(*Editor’s Note: Over the course of this 2020-21 off-season from Greenville’s Drive-In 32, I’m going to be posting a variety of back installments of the Cinema with a Twist column & podcast. This article originally ran in the Greenville Pioneer in 2015.)
We live in a fascinating age with respect to documentary films. Over the past fifteen years, the tools to create and disseminate films have been democratized. The ubiquitous nature of handheld digital cameras and free video sharing sites such as youtube.com has allowed even the most far-flung and often repressed voices to share their messages globally. For Episode 5 of Cinema with a Twist, I interviewed the Egyptian filmmaker of Cairo Drive, Sherief Elkatsha, for my radio program and he recalled with amazement the prolific number of independent documentary filmmakers recording the historic events in the Tahrir Square during the Arab Spring.
Capturing events on video are one thing. Being able to craft what you capture into a cohesive narrative that resonates with an audience is an entirely different matter. I was always taught that documentaries should ‘be objective’. That is, a good documentary should tell its story from a variety of perspectives, not simply the viewpoint of the filmmaker. While this is an excellent goal to strive for, and I do think most of the better documentaries do attempt to provide a well-rounded collection of perspectives on their subject, it is really an unattainable goal. Every decision a documentary filmmaker makes is a subjective one. How is your cinematographer subject lighting and framing the subject? What order and tone are the questions asked? What answers are retained in the final version and what is left behind in the edit suite? Every documentary contains thousands of these decisions and each decision can have a dramatic or subtle impact on the final shape of the filmmaker’s perspective, in much the same way each strike of sculptor’s hammer forms their statue.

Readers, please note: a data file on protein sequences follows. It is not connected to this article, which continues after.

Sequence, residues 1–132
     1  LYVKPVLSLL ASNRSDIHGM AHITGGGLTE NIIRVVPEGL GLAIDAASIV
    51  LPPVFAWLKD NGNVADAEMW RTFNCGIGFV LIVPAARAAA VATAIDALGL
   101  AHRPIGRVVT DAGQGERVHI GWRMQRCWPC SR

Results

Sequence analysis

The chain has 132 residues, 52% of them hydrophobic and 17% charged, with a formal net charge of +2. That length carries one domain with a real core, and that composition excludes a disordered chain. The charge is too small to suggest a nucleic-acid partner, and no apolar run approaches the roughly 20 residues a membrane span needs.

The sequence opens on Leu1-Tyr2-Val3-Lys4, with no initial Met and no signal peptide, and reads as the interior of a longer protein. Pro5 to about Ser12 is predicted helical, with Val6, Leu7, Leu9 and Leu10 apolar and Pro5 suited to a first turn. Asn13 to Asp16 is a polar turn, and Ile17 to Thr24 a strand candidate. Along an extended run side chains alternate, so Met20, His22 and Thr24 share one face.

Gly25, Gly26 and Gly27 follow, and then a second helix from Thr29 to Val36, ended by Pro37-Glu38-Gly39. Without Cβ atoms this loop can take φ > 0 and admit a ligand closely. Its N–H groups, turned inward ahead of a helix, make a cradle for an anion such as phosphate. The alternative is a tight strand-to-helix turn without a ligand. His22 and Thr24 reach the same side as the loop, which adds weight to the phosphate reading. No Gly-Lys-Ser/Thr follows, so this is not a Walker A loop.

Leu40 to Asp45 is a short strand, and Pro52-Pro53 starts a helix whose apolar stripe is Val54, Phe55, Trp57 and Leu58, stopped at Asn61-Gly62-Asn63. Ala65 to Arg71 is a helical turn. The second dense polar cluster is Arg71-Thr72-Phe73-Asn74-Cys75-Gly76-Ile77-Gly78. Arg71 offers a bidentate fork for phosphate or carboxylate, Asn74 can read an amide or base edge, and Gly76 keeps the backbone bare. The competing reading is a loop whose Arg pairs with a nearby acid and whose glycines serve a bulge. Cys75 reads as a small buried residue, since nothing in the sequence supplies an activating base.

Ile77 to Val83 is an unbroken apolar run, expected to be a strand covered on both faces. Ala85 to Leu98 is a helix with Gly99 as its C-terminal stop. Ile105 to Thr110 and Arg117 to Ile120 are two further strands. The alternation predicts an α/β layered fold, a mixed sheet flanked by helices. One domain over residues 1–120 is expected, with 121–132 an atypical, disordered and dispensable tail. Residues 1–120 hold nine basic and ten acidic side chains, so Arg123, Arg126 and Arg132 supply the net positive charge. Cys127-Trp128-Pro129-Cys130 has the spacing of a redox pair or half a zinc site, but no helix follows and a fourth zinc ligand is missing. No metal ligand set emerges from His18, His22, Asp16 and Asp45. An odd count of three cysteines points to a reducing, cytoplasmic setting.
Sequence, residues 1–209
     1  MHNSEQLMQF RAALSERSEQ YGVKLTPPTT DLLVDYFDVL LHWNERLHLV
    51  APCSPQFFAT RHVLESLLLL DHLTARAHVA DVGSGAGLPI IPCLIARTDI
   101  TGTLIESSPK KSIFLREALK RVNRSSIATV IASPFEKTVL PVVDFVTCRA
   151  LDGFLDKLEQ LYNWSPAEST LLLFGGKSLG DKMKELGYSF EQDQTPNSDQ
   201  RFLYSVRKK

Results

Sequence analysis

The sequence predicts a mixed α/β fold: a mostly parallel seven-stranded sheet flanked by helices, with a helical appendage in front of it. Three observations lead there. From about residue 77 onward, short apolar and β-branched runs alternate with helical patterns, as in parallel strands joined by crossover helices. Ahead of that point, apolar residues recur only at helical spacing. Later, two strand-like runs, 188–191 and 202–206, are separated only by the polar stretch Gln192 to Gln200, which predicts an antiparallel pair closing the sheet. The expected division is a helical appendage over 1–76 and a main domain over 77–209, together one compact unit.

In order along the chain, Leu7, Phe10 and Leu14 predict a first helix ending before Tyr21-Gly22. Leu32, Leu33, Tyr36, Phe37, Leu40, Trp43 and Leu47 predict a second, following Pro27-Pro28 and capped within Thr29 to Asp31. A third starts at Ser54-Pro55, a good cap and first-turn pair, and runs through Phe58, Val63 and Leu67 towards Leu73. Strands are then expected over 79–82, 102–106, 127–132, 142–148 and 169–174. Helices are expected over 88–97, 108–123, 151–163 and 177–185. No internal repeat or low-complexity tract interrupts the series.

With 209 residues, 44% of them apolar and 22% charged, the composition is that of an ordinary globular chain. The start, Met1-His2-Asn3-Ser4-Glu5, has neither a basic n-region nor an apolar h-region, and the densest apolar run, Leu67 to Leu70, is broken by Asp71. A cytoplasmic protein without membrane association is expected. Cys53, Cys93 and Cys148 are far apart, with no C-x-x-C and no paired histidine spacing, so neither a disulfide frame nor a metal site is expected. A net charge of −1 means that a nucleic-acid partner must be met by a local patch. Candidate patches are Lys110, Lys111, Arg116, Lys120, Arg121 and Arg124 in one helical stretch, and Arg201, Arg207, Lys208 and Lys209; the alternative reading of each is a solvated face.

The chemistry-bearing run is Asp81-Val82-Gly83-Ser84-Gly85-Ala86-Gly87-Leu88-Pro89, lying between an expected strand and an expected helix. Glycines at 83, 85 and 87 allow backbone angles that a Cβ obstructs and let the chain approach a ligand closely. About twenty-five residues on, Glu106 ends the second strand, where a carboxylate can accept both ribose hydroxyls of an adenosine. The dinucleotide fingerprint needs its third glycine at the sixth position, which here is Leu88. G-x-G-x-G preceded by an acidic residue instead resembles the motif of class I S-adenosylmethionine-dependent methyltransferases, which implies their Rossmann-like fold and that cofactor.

So no matter how objective the attempt, every documentary is, in fact, a reflection of the filmmakers’ perspective. That said, I do think the exercise of approaching a documentary from a variety of different angles is a worthy exercise even if perfect objectivity is unattainable. Nothing promotes the much-needed human quality of empathy than trying to see someone else’s perspective through their eyes. You may not agree with that person’s position, but presenting their argument helps you understand why that idea is important to them, and helps you develop and evolve your own thinking to an often complex matter.
Every documentary film is a journey, not just for the audience member, but for the documentary team itself. On average, it takes six years to complete a feature-length documentary. As you can imagine, if you live and work on a project for that length of time, looking at it over and over again, turning it over in your mind, it is going to change quite a lot and, ultimately, change you as a person as well.
In honor of documentary filmmakers, this installment’s cocktail recipe is called The Journalist. The recipe is at least 90 years old, having appeared in 1930 in the seminal Savoy Cocktail Book.
- 3oz gin
- 1/2oz sweet vermouth
- 1/3oz dry vermouth
- 2 dashes of orange curaçao
- 1 dash Angostura bitters
- a splash fresh lemon juice
Pour all the ingredients into a mixing glass with ice, stir and strain into a chilled coupe glass, garnish with a twist of lemon.
WATCH: Cairo Drive here on Amazon Prime.
LISTEN: To my interview with Sherief Elkatsha here on SoundCloud.